Vietnam is quickly becoming one of Southeast Asia’s hottest spots — and with good reason! Nevermind well known cities like Hanoi and Ho Chi Minh City, Da Nang and other central Vietnamese cities — with sea, cliffs, golf courses and more and more resorts catering to tourists are must visits. Lydia Vasko of The Straits Times tells more.
For years, tourists planning holidays to Vietnam have focused on Hanoi and Ho Chi Minh City, in the country’s north and south. Now Central Vietnamese destinations, notably port city Da Nang, are rising out of their shadow.
Da Nang was voted the world’s No. 1 Destination On The Rise For 2015 by TripAdvisor travellers and No. 43 on the New York Times’ list of 52 Places To Go In 2015 last month.
Travellers say its markets, friendly locals and pristine beaches make it a destination in its own right, but Da Nang also stands out as a gateway to a trio of Unesco World Heritage sites.
The former Nguyen dynasty’s imperial capital Hue is 100km to the north, the lantern-lit old town of Hoi An is 30km to the south and the ancient temple ruins of My Son are 70km to the south-west.
Da Nang also enjoys close proximity to the cliffs and rocky outcrops of the Marble Mountains as well as long strips of white sand beaches overlooking the South China Sea.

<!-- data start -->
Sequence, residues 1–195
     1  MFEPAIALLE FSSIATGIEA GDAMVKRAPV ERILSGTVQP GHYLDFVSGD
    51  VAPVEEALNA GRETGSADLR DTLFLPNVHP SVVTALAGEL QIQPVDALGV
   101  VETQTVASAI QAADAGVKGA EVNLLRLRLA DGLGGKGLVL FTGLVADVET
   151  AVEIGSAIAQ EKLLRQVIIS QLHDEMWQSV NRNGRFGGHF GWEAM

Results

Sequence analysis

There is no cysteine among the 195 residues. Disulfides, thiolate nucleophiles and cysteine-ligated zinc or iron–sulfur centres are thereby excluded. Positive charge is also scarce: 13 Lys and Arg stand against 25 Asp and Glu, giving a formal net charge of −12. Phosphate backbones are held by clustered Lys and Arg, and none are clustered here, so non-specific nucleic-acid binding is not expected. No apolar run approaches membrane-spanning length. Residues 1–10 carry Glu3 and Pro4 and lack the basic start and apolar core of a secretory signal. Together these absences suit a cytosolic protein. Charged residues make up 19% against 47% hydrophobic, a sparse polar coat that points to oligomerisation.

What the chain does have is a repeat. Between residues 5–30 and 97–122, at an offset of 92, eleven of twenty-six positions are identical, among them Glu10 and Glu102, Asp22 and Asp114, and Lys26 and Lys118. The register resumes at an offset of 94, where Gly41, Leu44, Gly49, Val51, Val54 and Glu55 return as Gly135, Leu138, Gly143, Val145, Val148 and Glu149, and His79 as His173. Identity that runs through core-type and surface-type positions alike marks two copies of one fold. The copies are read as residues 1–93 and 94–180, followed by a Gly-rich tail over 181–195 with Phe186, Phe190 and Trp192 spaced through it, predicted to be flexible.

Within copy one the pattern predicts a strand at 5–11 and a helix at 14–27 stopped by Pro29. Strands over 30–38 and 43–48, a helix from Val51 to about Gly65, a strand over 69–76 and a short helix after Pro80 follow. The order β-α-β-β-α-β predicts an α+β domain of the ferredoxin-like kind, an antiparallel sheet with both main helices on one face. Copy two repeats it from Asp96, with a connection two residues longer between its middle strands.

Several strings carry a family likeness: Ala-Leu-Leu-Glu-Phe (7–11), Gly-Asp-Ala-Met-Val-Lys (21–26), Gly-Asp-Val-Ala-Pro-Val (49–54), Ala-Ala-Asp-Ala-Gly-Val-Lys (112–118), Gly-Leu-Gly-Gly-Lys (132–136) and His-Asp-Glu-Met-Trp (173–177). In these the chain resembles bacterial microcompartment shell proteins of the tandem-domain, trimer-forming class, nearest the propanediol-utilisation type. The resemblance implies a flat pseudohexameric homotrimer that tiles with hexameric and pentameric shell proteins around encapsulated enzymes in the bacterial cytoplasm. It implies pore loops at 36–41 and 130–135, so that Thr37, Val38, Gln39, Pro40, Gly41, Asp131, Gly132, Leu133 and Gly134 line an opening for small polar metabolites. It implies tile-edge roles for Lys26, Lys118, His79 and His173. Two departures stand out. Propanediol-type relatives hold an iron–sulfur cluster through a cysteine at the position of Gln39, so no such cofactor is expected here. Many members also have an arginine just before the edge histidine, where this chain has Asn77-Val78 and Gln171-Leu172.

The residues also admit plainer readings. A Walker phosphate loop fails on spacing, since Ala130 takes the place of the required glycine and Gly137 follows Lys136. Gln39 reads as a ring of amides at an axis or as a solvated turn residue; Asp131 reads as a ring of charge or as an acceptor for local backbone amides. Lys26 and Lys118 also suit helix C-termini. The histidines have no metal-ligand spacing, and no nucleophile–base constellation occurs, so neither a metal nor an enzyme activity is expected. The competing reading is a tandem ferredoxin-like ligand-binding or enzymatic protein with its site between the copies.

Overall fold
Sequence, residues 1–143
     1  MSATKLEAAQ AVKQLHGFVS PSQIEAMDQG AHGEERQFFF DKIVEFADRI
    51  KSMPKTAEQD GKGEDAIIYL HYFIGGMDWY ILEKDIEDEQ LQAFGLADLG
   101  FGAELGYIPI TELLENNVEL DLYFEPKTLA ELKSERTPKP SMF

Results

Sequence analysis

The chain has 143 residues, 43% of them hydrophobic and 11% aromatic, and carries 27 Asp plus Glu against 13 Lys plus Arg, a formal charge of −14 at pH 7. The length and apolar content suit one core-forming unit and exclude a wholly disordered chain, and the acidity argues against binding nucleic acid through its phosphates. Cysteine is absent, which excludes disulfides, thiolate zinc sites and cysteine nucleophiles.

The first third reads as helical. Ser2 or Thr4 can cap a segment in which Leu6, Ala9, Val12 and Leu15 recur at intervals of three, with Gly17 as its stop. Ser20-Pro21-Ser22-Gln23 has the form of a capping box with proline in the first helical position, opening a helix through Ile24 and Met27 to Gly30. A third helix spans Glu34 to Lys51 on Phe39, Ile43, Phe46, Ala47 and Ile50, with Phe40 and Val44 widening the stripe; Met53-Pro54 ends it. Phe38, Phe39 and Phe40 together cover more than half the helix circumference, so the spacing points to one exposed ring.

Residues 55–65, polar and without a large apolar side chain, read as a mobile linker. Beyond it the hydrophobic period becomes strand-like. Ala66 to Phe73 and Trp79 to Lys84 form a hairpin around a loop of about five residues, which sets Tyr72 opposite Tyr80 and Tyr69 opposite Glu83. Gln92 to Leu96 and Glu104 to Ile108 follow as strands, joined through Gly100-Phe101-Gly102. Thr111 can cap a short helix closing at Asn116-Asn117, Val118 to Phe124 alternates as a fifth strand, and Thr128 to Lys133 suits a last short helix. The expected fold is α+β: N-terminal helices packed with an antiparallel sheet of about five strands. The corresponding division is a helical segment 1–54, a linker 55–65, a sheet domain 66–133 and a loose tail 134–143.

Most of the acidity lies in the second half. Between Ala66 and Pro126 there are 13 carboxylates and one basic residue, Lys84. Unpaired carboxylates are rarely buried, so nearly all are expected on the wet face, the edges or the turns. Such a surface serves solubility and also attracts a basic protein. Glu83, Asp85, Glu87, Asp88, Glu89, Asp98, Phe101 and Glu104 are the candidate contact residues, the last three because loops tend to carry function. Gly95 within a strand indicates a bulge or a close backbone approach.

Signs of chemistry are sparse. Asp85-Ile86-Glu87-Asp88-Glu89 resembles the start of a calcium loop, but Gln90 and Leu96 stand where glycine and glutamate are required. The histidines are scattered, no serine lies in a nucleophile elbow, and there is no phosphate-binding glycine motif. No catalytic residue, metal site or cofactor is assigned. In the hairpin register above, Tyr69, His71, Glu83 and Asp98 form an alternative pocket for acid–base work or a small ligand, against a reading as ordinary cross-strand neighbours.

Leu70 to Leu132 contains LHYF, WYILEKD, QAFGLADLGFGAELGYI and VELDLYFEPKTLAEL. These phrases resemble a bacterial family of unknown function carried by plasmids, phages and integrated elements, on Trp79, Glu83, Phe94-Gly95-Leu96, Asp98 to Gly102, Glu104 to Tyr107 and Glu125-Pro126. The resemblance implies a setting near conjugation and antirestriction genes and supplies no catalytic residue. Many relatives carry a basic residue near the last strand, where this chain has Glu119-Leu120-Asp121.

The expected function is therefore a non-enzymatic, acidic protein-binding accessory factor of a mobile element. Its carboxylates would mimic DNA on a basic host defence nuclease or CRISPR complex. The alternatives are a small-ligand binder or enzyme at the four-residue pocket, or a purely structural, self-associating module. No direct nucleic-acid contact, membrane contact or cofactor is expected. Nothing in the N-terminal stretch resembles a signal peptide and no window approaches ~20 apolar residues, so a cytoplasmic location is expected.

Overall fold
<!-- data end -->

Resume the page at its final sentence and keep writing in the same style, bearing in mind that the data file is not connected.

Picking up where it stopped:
And some of Vietnam’s best golf courses – such as Montgomerie Links, designed by award-winning golfer Colin Montgomerie, and the Danang Golf Club, designed by Australian golfer Greg Norman – are right outside the city.
While TripAdvisor says Vietnam has experienced an overall increase in traveller interest in the last few years – Hanoi was ranked eighth on its Destinations On The Rise in 2013 – this is the first time Da Nang has placed on the list. Ms Cindy Tan, vice-president of display advertising for TripAdvisor in the Asia Pacific, says the accolade is deserved, noting that the website received 34 per cent more interest in Da Nang from Singaporean travellers alone, compared with 2013.
“It has seen the greatest increase in positive feedback and interest from the TripAdvisor community globally, year on year,” she adds.
Visitor numbers have increased too.
Mr Phuoc Dang, director of sales and marketing at La Residence Hotel & Spa in Hue, citing official sources, says there were 21,000 arrivals from Singapore to Da Nang last year, up from 18,000 arrivals in 2013.
This growth is due, in part, to accessibility. Ms Tan says: “With the airport expansion in 2011, it drew more investment to Da Nang, with many new accommodation options being developed along the coast.”
Regional airlines have also contributed to Da Nang’s popularity. SilkAir started operating the only direct flights from Singapore to Da Nang in January 2005 with thrice-weekly services. Since then, the flight frequency has increased to meet growing demand and SilkAir has been offering daily service to Da Nang since October 2013.
Jetstar and VietJet also offer operate multiple daily flights to Da Nang via Ho Chi Minh City.
Jetstar has four daily flights from Singapore to Ho Chi Minh City and four daily flights from Ho Chi Minh City to Da Nang.
VietJet launched its service between Singapore and Da Nang in May last year. Though it has only one daily flight from Singapore to Ho Chi Minh City, there are eight daily flights from there to Da Nang.